This could change in 2021 as interest rates on fixed deposits could start inching up. Here is why.
Year 2021, deposit rates are set to go up by the second half
In 2020, the Reserve Bank of India’s (RBI) measures were targeted to keep the policy rates down throughout the year, extending into 2021. It also announced measures to infuse liquidity in the banking system to be able to provide affordable financing and hence, support economic growth. Extra liquidity also kept interest rates down. On the other side, bank credit offtake was low, as banks adopted a cautious stance towards lending across all sectors of the economy. Low credit offtake meant lower demand for funds by banks/lenders and hence, lower rate of interest on deposits.
RBI Repo Rate since October 2019
|Date of update||Repo Rate|
|04th Oct 19||5.15%|
|05th Dec 19||5.15%|
|06th Feb 20||5.15%|
|27th Mar 20||4.40%|
|22nd May 20||4.00%|
|06th Aug 20||4.00%|
|09th Oct 20||4.00%|
|04th Dec 20||4.00%|
|05th Feb 21||4.00%|
However, income prospects look better with expected economic growth pegged at 10.5% by RBI for FY21-22. The same may also reflect in the rate of return on fixed deposits. Even though the RBI has announced continuation of accommodative stance on rates and liquidity which would mean no immediate increase in interest rates, yet there are a few factors due to which deposit rates may inch up over the next 3-9 months.
- Credit off-take is expected to be robust in the coming financial year, which would mean a higher demand for deposit funds and hence, a higher rate of interest. This is expected to be driven by investment demand from infrastructure and real estate sectors as well as release of pent-up consumer demand, thus resulting in high growth in retail finance.
- Further, RBI is expected to walk on a tight rope of managing inflation within its target range of 4-6% as well as maintaining liquidity in the system. Easy liquidity policy is inflationary and any rise in inflation would mean the rates have to go up, both for credit as well as deposits.
- Contrary to its accommodative stance, RBI has already tapered down its liquidity support to the market with no additional liquidity measures announced in the latest monetary policy review in February 2021 or in Budget FY21-22. In the February 2021 monetary policy review, it has withdrawn the 1% CRR (Cash Reserve Ratio) relaxation for banks and now the CRR must be brought up to 4% in two tranches. A hike in CRR will lead to reduction in liquidity available with banks which may force them to look out for more funds from retail depositors to meet their credit demand , thus adding another factor that can result in higher deposit rates.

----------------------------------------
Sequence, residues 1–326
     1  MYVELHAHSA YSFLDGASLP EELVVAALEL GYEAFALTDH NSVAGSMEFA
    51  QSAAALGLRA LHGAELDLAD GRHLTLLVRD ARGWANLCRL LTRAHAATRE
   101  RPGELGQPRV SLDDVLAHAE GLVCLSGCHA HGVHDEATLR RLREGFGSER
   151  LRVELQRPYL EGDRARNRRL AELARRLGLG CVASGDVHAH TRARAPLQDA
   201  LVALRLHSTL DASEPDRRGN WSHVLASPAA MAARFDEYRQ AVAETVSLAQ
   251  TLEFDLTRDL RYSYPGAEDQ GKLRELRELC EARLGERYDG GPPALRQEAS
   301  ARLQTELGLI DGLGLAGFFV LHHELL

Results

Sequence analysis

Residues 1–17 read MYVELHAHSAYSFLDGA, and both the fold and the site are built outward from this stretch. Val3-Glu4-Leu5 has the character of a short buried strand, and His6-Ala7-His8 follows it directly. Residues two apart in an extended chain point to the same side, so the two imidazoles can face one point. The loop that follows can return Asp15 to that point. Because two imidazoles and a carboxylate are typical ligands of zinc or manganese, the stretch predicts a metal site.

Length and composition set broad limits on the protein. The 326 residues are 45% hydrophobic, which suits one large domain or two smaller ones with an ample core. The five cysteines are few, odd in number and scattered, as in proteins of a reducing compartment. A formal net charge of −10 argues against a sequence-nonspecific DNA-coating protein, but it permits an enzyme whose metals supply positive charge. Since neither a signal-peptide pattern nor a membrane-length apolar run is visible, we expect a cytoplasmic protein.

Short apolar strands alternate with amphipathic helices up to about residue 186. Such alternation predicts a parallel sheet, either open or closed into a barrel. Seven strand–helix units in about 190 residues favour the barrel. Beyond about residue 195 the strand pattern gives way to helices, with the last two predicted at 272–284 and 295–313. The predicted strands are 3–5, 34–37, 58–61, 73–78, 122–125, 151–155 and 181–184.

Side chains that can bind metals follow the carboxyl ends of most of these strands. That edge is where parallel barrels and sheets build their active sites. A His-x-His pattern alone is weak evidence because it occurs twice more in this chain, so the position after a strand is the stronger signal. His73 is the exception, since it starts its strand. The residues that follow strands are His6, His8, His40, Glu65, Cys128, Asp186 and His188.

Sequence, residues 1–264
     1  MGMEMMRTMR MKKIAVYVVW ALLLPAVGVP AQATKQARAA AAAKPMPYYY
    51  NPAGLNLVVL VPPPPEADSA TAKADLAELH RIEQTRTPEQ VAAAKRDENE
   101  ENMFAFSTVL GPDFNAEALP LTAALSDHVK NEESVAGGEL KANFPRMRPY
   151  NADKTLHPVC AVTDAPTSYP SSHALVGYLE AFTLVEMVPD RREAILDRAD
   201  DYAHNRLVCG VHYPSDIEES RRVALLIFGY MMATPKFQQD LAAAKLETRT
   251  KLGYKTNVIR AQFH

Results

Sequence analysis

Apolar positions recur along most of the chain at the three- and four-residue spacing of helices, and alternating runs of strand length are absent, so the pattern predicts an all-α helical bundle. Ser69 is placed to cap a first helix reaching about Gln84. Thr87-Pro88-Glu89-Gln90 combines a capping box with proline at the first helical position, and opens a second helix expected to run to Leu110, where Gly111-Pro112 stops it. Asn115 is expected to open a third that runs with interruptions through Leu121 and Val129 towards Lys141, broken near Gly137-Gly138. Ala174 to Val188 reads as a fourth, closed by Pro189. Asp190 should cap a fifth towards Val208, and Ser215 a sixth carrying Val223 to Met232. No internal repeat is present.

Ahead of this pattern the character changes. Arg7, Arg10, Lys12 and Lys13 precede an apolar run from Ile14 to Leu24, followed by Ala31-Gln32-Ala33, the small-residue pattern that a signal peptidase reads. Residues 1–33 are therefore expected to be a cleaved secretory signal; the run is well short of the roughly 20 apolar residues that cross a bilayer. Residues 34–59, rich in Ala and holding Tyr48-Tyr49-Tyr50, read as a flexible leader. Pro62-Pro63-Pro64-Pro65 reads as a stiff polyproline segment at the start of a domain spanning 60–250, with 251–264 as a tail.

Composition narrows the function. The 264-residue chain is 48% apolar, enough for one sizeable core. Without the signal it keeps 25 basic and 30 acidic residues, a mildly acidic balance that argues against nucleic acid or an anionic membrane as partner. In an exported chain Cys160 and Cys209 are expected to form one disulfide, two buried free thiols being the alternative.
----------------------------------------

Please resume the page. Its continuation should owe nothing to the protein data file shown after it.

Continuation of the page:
What it means for depositors
Some banks and non-banking finance companies have already started increasing deposit rates across tenures, especially rates on longer term FDs. The table below captures the FD rate hikes announced by few well known banks. Though the number of such banks is few, it may go up as we see an interplay of various macro-economic factors over the next few months.
Examples of banks and NBFCs that have increased their FD rates in last 3 months
|Bank/NBFC name||Current Rates – General Public Rates, Sr. Citizen Rates||Date on which last revised||Change in FD rates|
|SBI||2.90%-5.40%, 3.40%- 6.20%||8th Jan, 2021||Increased 1 year FD rate by 10 bps|
|Canara Bank||2.95% – 5.50%, 2.95% – 6.00%||8th Feb, 2021||Increased rates of FDs with tenure of 2 years or more by 20 bps|
|Bajaj Finance||6.15% – 7.00%, 6.40% – 7.25%||1st Feb, 2021||Increased FD rates by 40 bps for tenure of 36-60 months|
|ICICI Bank||2.50% – 5.50%, 3.00% – 6.30%||21st Oct, 2020||Increased Senior Citizen FD rates by 80 bps|
What should FD investors do
Global firms and experts have already started questioning the ability of RBI to continue with its accommodative stance along with trying to achieve its macro-economic targets for inflation and fiscal deficit. All macro-economic indicators together point towards an inevitable rise in deposit rates starting from the second half of the FY 2021-22. Till then, depositors should keep their money parked in shorter tenure FDs (i.e., tenures of less than one year) to retain the flexibility to shift their savings to higher rates once the rates begin their upward journey.
(The author is Chief Strategy Officer, MyLoanCare.in.)